Fidel Castro's role in the history of Cuba is nicely summed up in the way the news of his retirement spread Tuesday. It was a huge story that flashed around the world as soon as it was posted on the online edition of Granma, Cuba's Communist Party newspaper. But Cubans themselves were unlikely to have seen that initial report, because it was early morning, and they are barred from having Internet access in their homes.
Cubans have known many such paradoxes during their 49 years under Castro, the only president their country has had since he led its revolution against the Batista regime in the 1950s. They have accomplished notable successes -- with literacy and infant mortality rates better than ours, and a life expectancy nearly as long -- while laboring under a heavy-handed dictatorship that punishes political dissent and unconscionably limits freedom of expression. Once the golden child of Soviet client states -- a scant 90 miles from the hated America -- Cuba suffered the Soviet decline and stood stubbornly as a Cold War orphan after communism collapsed.
Through all those changes, the unmovable force in Cuba's life was Castro. From the very first, he and his regime have withstood an amazing array of challenges: assassination plots, the Bay of Pigs invasion, the Cuban Missile Crisis, the American-led trade embargo and the loss of Soviet aid that had helped it withstand that embargo. And for every challenge faced there was an opportunity missed -- in trade, tourism, cultural exchange and a hundred other areas. Intransigence on both sides was preserved at a heavy cost. Estimates suggest that the embargo costs U.S. companies $1.2 billion a year. The cost just to Minnesota was hinted at in 2002, when Gov. Jesse Ventura led a quixotic trade mission to a country with which trade is mostly illegal. Despite that obvious stumbling block, the effort demonstrated a pent-up demand for commerce and other relations.
President John F. Kennedy, who ordered the embargo in 1962, was careful first to lay in a supply of Cuban cigars (www.startribune.com/a4032). Just as the embargo worked against his personal interest, it works today against the national interest. Trade can be the United States' most potent weapon in subverting a dictatorship, because it builds person-to-person relationships that can bypass the controls of government. Likewise, enforcing a trade ban can help prop up a dictatorship by giving it a villain to blame for its shortcomings. It's past time the United States removed that prop, and Castro's retirement offers an opportunity to do so.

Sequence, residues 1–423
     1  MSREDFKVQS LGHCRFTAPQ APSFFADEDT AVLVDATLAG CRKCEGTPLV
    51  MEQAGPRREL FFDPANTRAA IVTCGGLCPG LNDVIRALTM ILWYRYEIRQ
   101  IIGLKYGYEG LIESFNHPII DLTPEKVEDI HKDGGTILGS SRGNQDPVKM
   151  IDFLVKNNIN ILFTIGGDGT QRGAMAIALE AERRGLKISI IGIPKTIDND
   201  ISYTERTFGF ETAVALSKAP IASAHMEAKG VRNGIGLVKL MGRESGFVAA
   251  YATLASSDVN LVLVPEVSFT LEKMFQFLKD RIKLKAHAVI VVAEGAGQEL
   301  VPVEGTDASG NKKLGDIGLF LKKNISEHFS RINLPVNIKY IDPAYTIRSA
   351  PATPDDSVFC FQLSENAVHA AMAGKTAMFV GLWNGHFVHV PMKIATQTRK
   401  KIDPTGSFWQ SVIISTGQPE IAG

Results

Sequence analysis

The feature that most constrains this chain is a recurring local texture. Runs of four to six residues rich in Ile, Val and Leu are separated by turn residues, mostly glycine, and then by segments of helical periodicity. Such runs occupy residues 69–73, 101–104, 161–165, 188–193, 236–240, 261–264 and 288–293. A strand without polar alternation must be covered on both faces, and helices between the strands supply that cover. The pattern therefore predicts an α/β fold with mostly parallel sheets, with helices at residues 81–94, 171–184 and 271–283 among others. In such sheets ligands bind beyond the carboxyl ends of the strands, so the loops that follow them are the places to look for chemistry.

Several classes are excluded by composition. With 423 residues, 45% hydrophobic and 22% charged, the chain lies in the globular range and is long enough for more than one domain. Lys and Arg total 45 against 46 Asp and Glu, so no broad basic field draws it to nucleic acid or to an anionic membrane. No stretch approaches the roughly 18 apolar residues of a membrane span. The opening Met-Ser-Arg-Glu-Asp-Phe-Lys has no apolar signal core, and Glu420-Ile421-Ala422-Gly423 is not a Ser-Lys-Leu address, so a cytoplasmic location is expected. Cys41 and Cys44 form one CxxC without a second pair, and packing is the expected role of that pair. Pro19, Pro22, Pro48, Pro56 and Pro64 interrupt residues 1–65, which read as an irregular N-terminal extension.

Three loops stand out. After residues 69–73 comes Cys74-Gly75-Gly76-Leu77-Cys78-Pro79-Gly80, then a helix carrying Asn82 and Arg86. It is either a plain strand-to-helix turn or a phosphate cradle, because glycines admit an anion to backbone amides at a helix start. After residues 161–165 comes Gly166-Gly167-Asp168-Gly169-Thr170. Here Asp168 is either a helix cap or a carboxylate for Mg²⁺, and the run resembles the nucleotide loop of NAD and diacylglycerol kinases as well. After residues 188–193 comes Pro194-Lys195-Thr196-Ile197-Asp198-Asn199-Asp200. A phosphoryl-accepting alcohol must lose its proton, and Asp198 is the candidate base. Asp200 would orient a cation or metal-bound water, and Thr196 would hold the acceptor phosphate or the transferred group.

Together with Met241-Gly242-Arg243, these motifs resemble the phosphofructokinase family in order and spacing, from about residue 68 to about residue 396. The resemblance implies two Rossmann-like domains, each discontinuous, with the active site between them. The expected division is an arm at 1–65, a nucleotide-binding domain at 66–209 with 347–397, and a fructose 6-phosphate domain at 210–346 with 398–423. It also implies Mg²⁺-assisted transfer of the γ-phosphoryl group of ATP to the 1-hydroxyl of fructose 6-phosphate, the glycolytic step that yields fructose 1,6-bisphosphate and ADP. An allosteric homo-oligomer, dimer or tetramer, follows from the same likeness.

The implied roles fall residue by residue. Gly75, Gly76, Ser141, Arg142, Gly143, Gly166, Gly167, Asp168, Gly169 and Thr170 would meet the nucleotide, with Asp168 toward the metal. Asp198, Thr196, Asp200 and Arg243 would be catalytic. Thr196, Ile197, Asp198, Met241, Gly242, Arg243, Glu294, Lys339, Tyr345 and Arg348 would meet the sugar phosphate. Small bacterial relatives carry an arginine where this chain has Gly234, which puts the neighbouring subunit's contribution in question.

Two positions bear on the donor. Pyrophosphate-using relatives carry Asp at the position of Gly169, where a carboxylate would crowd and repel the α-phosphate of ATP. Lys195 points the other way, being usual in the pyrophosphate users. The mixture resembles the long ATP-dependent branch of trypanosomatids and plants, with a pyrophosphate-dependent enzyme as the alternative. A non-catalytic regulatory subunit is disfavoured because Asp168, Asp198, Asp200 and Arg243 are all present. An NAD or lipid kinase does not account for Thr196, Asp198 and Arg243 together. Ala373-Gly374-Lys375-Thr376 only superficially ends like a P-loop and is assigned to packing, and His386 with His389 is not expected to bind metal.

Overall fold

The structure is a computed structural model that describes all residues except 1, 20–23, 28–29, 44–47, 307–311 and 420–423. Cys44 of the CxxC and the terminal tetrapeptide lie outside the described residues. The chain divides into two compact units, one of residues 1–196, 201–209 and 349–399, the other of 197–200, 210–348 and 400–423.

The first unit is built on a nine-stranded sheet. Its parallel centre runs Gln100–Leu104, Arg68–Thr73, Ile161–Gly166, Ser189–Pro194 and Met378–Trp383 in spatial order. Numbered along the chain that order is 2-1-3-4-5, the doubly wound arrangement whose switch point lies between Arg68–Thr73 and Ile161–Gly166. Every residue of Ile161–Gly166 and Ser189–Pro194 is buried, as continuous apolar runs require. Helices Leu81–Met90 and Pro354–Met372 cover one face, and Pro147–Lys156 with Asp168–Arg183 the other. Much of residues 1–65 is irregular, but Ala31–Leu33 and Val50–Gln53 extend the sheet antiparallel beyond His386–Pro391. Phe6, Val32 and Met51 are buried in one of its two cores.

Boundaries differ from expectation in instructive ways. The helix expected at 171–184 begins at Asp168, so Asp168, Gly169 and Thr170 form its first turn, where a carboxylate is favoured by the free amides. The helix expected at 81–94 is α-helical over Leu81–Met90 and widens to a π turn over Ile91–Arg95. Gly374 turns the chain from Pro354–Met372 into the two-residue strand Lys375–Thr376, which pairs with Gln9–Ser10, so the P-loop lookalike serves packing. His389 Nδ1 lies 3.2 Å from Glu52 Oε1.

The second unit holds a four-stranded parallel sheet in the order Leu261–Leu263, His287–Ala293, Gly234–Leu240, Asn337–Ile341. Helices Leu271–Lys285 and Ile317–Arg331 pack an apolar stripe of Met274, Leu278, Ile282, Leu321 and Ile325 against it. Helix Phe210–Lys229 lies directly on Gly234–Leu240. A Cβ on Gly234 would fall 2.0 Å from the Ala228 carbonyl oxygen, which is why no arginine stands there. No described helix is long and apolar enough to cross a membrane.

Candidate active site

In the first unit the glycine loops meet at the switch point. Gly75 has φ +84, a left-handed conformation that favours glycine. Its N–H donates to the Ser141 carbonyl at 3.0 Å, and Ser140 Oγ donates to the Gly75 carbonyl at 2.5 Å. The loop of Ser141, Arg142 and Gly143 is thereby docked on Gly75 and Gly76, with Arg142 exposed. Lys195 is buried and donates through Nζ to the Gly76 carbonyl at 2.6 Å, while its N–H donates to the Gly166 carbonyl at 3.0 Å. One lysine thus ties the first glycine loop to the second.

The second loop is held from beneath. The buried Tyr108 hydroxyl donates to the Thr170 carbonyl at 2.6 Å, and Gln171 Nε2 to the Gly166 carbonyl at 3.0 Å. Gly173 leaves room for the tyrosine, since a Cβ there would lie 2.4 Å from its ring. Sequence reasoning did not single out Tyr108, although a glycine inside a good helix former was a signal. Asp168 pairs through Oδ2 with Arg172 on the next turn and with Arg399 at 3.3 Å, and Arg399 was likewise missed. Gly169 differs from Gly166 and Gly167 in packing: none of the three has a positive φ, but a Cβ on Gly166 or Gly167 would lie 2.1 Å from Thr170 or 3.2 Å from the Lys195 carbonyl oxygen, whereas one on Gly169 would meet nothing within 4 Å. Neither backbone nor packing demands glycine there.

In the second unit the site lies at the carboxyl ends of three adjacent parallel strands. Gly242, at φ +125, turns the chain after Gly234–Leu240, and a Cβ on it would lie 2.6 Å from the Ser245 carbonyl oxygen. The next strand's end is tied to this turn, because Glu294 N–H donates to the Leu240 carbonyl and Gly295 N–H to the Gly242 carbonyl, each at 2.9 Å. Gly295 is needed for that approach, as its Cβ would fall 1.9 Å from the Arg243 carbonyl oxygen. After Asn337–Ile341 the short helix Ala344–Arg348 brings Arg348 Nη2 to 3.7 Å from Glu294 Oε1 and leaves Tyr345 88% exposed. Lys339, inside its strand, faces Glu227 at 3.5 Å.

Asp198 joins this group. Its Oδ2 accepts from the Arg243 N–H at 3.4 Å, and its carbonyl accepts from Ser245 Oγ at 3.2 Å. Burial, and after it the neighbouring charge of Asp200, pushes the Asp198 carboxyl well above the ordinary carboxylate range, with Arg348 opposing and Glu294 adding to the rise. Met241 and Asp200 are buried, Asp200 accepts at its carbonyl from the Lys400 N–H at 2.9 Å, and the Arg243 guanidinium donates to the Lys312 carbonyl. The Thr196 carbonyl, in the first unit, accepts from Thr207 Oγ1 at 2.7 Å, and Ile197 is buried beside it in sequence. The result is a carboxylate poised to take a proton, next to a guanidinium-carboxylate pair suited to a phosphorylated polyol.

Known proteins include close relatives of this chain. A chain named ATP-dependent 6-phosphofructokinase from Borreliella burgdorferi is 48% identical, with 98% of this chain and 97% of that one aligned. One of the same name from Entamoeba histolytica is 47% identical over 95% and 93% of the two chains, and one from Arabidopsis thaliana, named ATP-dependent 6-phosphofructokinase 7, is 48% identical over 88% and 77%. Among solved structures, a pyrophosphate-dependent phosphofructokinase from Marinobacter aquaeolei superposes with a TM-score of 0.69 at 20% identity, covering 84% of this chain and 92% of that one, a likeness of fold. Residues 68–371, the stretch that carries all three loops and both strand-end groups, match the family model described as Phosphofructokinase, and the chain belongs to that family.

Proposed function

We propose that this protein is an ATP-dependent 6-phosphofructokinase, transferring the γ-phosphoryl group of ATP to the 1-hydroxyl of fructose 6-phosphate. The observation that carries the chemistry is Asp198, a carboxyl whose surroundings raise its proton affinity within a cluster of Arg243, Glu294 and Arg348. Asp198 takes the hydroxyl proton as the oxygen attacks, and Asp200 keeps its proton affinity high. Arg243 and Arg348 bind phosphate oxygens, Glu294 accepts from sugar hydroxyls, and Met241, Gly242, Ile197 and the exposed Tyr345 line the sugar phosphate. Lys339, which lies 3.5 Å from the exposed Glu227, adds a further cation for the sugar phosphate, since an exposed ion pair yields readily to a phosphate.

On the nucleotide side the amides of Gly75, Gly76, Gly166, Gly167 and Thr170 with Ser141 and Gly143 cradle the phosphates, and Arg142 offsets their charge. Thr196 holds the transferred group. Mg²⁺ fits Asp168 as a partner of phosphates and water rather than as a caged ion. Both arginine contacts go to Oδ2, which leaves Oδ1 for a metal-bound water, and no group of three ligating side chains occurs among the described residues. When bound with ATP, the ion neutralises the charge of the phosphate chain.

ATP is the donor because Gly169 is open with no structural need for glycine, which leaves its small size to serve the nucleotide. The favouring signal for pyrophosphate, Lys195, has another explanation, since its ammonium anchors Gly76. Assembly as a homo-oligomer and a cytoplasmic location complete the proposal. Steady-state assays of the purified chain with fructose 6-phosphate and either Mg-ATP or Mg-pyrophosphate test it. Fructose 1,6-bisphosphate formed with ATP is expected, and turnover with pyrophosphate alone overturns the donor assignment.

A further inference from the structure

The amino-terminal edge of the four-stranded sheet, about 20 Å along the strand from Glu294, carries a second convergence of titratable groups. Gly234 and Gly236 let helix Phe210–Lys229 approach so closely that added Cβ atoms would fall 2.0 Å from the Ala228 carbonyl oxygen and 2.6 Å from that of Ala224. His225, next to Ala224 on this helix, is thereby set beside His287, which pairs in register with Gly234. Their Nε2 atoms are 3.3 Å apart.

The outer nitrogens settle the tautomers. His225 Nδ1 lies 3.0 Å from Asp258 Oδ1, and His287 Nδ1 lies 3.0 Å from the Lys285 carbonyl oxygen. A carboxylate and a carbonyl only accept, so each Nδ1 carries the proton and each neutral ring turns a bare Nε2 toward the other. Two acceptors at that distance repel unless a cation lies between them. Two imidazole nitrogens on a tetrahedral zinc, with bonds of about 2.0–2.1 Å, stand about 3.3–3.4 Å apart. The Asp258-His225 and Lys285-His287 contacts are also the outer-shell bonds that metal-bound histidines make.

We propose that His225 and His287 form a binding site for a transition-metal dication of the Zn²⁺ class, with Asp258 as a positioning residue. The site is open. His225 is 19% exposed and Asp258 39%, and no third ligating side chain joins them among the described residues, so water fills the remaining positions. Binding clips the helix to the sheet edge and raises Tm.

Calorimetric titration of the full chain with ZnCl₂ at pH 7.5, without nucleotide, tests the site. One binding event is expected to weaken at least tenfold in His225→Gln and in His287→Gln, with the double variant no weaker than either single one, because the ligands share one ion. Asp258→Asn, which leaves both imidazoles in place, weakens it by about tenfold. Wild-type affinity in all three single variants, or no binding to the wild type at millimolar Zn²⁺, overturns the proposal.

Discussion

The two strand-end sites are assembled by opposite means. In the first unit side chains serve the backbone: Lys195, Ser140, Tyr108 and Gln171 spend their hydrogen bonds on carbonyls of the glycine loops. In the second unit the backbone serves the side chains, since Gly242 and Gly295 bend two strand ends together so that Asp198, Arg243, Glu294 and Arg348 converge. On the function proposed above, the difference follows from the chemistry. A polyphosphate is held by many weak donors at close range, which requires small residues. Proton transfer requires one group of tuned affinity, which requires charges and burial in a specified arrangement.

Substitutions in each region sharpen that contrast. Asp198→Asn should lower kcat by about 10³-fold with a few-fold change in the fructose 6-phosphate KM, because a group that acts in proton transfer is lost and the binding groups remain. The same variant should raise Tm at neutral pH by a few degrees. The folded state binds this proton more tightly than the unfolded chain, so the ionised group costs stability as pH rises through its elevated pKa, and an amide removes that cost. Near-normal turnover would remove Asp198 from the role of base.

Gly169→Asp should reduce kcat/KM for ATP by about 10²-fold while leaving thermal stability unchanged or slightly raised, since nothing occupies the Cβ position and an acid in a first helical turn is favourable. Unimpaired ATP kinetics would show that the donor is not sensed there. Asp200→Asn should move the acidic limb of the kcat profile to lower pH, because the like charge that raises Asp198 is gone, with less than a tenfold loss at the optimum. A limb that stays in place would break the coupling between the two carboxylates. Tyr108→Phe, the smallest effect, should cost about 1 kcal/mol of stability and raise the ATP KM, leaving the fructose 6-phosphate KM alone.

Once that barrier is removed, the United States and Cuba should proceed to the next logical, overdue step: diplomatic relations. If the United States can recognize Vietnam and China, there's no reason to snub little Cuba -- except, of course, the political clout of anti-Castro Cuban exiles in Florida. That community has wielded too much influence for too long. Now it should set aside its animosity and answer President Bush's call to help Cubans build the institutions of democracy. If Cuba is to move toward something resembling popular rule, it will need an infrastructure -- independent courts, an unfettered media, academic freedom at colleges and universities -- to support it.
Castro's Cuba is a textbook example of a country governed through a cult of personality, such as Hugo Chavez dreams of creating in Venezuela and the delusional Kim Jong-il thinks he has achieved in North Korea. It is the sort of rule that, deprived of its leader, turns to a relative as next best choice. That's what appears likely to happen in Cuba as Castro's brother, Raul, takes the reins. We hope that Raul's tenure in office is short and that his country begins the difficult process of democratic reform.
Even in retirement, Fidel is likely to remain the most prominent feature of Cuba's political landscape. He is, after all, the most resilient national leader of two centuries. Those who have waited long and eagerly for a post-Castro Cuba should relax; until we read not a retirement notice but an obituary, there won't be any such thing.